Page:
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The Hawk News

The Student News Site of St. Joseph's University

The Hawk News

The Student News Site of St. Joseph's University

The Hawk News

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HawksMinded brings awareness to student-athletes’ mental health

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GRAPHIC COURTSEY OF HAWKSMINDED

When Dani Stuart and Zach Williams arrived on Hawk Hill in fall 2021, the junior defender on the women’s soccer team and junior distance runner on the men’s track and field team, respectively, had no intentions of joining HawksMinded, a club that brings mental health awareness to athletes on campus. Now, they are the ones running it.

Both Stuart and Williams found HawksMinded their first year after having their own struggles as student athletes and decided to join.

“Growing up in athletics, I’ve seen the toll that it can take on a person individually, and how it can impact every part of their life, even though it’s just a sport we play,” Stuart said.

After not hearing anything about the organization during her sophomore year, Stuart wanted to keep the organization going because she said she felt it was important to continue this change in mental health awareness at St. Joe’s.

“It’s something that our community of athletes needed,” Stuart said. “They needed to be able to have that connection with one another.”

Stuart reached out to Williams to enlist his help in continuing HawksMinded.

“I brought it to [Williams’] attention and I just felt like if it was going to be with anybody, [Williams] and I would be able to do a great job of bringing it together,” Stuart said.

The organization, originally started in 2020 by women’s track and field star Caroline Duffy ’20, was part of a series of initiatives led by Jill Bodensteiner, director of athletics, and Eric Laundo, senior associate athletics director for high performance, to address mental health issues for athletes.

It is branded as a “mental health peer support group,” according to the St. Joe’s Athletics website, a mission Stuart and Williams intend to continue.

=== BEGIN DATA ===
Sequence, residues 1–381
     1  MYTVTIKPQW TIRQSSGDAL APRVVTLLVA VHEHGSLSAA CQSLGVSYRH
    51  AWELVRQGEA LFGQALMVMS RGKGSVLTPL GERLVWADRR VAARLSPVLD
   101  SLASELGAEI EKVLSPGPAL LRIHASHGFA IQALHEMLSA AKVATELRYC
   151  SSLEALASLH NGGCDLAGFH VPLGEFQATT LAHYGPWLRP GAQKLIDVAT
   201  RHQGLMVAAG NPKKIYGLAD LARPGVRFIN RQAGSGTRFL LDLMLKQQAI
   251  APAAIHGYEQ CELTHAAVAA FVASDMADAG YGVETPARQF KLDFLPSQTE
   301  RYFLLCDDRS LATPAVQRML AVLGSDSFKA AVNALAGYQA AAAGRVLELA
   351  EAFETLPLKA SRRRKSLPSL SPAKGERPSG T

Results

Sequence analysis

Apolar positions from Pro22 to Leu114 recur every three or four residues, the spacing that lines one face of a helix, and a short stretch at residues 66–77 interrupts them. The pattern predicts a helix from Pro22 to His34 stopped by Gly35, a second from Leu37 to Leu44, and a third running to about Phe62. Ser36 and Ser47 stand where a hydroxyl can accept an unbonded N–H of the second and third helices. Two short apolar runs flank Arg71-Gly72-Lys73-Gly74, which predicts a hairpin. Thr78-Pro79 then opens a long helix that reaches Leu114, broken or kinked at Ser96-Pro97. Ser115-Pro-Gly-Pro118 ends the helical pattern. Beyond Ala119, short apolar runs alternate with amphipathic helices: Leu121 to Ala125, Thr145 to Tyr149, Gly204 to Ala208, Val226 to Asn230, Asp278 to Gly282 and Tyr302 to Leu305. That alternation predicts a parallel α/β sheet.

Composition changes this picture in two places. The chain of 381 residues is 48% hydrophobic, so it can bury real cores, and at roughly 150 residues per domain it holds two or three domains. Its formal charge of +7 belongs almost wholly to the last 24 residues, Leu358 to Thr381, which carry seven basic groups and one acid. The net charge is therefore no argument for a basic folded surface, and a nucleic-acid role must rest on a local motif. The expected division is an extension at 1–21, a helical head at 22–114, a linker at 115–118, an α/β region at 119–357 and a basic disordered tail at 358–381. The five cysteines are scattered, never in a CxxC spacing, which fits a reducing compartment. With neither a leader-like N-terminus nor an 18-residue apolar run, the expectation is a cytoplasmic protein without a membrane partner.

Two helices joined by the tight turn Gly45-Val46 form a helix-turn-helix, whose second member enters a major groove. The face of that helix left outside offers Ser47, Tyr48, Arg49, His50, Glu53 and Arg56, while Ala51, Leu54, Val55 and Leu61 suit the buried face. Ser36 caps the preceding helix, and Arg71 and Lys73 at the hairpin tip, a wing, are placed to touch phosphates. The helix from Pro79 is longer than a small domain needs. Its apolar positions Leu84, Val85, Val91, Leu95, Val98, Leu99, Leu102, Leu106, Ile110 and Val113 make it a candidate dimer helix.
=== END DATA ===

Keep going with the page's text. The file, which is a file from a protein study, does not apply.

“[Williams] and I’s vision of HawksMinded is to create a sense of community within the athletes on Hawk Hill and to let them know that no one is alone in their struggles,” Stuart said.

Even though everyone is not facing the same situation, HawksMinded is meant to show athletes other people are dealing with similar emotions, said Williams.

“It’s more for community outreach and realizing your place in terms of your own mental health by connecting with everyone else,” Williams said.

Sarah Cancila, a junior utility player on the St. Joe’s softball team, said for her, HawksMinded is a place student-athletes can feel comfortable going to acknowledge the pressure and stress they are under. But, Cancila said it is particularly important for her to help student-athletes find their identity outside of their sport.

“After these next two years, I’m no longer going to be an athlete,” Cancila said. “Figuring out who I am outside of athletics is something that I want to do, and I want to help others to do the same.”

With a year of leadership under their belts, Stuart and Williams are now focused on expanding the club’s reach.

“Last year was our take-off year since we took it over,” Stuart said. “We want to make it more well known within the community.”

Williams said HawksMinded is currently focused on putting on smaller activities, which typically draw a crowd of 15-20 people, to bring attention to the organization, including a yoga session for World Mental Health Day Oct. 10 with the goal “to help student-athletes balance their body and their mind together,” Williams said.

Another way HawksMinded plans on expanding is through collaboration with organizations such as Morgan’s Message, which already has a chapter at St. Joe’s, and The Hidden Opponent, which Williams and Cancila plan to bring to campus. These are two other organizations that focus on mental health in student-athletes.

“We want to combine them in a way so that they can all work together,” Cancila said.

But at the heart of all their future plans, the same mission remains: providing a safe space for student-athletes.

“We’re not necessarily an end all be all for mental wellness,” Williams said. “We’re that first step for trying to help people acknowledge it and take the step to get further help.”

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Mia Messina
Mia Messina, Sports Editor
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